Ward 5 Councilor Clodo Concepcion, who supported the decrease, only held one meeting on the matter and some Councilors wanted more information, and particularly explanation for the disparity in seniors’ treatment versus all other fee-paying residents. Despite requests from Councilors, no such second meeting was held even after first step was passed last year. Second step passed 8-3. At-large Councilor Tim Rooke, Ward 2 Councilor Mike Fenton and Ward 6 Councilor Ken Shea were in dissent.
While this particular battle might seem to fit into the accountability peacock, it did not. It had history and in particular, more discussion on the subject had been promised, but did not happen.
The peacocks’ appearance occurred on a property transaction and on the proposal to hold a citywide vote on approval of a casino in the city. The first concerned the transfer of city property, the Mason Square fire station in particular, to American International College.
At-large Councilor Bud Williams pointed out the order before the Council did not include the purchase price, which it typically would. City attorneys suggested a friendly amendment be added to fix it, but Williams noted, correctly, that this is not how these processes are to work. Deputy Economic Development Director Brian Connors and Assistant City Solicitor Thomas Moore’s answers proved unsatisfying to Williams.
Throughout the exchange, Williams’ point was never invalid. However, his rhetoric turned to the theatrical at one point, excoriating the two city bureaucrats almost personally. Williams is known for seeking the limelight or any bulb, flashbulb that is, attached to a camera. That can overshadow the valid points he can have. On Monday, that dynamic was on full display, making it impossible to determine whether his concern was diligence or the appearance thereof. Williams invoked Rule 20, which terminated debate on the matter pending a report form City Comptroller Pat Burns.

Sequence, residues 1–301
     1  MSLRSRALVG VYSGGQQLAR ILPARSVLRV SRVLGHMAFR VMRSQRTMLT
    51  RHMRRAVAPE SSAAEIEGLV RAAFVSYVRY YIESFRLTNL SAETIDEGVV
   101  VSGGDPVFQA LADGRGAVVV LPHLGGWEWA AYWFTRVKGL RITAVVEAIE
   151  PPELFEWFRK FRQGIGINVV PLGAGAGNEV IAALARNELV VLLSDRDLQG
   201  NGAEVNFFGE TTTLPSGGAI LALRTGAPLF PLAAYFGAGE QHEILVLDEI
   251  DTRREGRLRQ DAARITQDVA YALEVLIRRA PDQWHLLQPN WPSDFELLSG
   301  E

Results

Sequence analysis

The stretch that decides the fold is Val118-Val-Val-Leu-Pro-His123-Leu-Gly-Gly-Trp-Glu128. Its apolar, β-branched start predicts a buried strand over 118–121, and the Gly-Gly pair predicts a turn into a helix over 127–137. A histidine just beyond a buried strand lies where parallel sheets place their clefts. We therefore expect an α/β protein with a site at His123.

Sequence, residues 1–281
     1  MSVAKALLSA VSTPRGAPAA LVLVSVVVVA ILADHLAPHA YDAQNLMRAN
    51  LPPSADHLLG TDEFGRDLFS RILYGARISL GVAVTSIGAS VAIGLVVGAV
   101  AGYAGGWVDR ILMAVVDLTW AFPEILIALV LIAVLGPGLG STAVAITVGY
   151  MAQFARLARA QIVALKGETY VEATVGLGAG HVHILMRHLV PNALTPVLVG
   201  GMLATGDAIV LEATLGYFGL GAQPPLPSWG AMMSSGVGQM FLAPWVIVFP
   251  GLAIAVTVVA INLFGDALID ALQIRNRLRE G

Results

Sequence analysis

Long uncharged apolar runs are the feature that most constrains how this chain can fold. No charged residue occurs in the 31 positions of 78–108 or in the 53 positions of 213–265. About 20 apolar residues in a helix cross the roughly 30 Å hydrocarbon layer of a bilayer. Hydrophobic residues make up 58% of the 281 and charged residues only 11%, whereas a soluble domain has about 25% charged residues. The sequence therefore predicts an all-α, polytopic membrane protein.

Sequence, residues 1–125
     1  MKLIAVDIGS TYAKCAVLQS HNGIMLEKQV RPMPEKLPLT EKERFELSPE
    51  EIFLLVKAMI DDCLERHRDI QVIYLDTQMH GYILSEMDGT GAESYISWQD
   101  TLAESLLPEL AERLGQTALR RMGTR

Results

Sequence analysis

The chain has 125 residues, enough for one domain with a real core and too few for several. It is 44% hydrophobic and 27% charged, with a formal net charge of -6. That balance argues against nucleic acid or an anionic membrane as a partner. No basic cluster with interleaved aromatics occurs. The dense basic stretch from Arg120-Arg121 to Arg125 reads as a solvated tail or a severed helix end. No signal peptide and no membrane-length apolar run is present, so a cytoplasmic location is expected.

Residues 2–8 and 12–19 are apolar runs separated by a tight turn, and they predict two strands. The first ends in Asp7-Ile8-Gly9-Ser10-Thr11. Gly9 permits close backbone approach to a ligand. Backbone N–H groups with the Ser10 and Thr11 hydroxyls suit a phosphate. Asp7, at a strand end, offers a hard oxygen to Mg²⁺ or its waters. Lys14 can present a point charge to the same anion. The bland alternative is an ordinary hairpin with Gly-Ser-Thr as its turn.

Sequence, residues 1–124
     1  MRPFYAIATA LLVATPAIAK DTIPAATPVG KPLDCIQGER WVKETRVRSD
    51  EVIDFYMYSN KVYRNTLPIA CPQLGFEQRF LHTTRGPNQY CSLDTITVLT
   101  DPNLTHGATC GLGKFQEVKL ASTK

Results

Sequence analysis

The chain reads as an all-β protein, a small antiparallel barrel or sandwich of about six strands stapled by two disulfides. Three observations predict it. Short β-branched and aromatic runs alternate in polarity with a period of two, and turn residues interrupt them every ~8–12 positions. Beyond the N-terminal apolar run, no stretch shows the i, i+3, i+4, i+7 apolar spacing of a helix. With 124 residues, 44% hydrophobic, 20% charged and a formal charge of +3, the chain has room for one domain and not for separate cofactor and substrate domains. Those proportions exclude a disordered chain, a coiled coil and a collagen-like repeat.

The other alleged diligence peacock appeared during the debate over whether to hold a citywide or ward vote on casinos. Under state law, for a city of Springfield’s size, a ward vote is the default approval for a casino, but the legislative body of the community may set a citywide instead. Virtually all supporters and opponents of casinos have supported a citywide vote in Springfield.
Nevertheless, Rooke argued the Council may want to hold off on voting in order to preserve its leverage during negotiations. The notion received some support from councilors. Indeed, Rooke pushed it for a while, but when asked by Council President Jimmy Ferrera whether or not he was making a motion for committee, Rooke declined. The citywide vote was approved unanimously.
Rooke is no fool, and yet he was offering his suggestion without explaining how the Council could or did gain leverage from a delayed decision.
It is impossible to go into the minds of any councilor and were it not for Williams’ propensity for speaking and Rooke’s mercurial caution, perhaps neither might invite the diligence peacock appellation. The problem may be, however, not that a councilor would appear more diligent than they are, but that on many of the biggest things, their diligence peacock’s feathers are folded back and no where to be found.